When I worked in the comics shop, the only people who expected me to appreciate this stuff as history were white elderly folk who miss the loud point that THAT imagery is where someone like myself would end up in a history book. No need to appreciate shit that sought to dehumanize. And as for reprinting without one writeup acknowledging the triggering nature of the content for black kids & kids of colour and adult readers of colour alike, just dismisses the gravity of ill feeling we get when looking at this stuff […] I feel sick when I see this stuff! It is linked to a damaging mentality that kills […] no white person on this thread or in general should really be commenting on the propriety or necessity of an image that does not reflect them, but instead portrays a situation where they are in favour!
Fantagraphics Associate Publisher Eric Reynolds weighed in:
I have a 7YO daughter and I prefer to decide what she can and can’t read rather than let Annie Mok make that decision for me. When we published this very volume a couple of years ago, I consciously chose NOT to read this story to my daughter, because I was uncomfortable with it. But that’s my responsibility as a parent. Every one of these books has been solicited to distributors with an EXPLICIT note that there is antiquated, racist imagery in them.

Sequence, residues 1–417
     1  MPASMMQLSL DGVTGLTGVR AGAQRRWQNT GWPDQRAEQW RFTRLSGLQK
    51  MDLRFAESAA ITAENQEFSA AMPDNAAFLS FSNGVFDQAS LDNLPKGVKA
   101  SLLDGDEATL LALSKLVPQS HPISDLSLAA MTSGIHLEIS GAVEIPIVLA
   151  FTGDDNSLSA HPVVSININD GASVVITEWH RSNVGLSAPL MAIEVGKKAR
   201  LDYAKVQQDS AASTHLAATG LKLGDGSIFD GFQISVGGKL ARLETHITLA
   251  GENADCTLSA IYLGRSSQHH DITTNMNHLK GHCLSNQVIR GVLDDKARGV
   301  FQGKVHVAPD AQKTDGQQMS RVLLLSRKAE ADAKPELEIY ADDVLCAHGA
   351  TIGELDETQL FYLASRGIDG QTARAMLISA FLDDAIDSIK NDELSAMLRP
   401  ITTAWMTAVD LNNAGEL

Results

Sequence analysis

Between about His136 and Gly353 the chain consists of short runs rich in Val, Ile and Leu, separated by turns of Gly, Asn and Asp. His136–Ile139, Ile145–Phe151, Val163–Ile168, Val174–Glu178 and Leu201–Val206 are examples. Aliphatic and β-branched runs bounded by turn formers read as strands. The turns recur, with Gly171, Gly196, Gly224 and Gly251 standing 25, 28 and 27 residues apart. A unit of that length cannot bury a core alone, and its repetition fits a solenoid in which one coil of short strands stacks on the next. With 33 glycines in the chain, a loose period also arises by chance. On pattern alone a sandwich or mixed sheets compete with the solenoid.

Which, as I replied, ignores all the kids who go to libraries on their own after school, who are predominately PoC, as well as speaking over, ignoring, and steamrolling the PoC voices in this conversation.
Fantagraphics publisher Gary Groth responded with a subtweet-style post on Banned Books Week, missing the point that Banned Books Week aims to celebrate books that challenge authority rather than uphold it.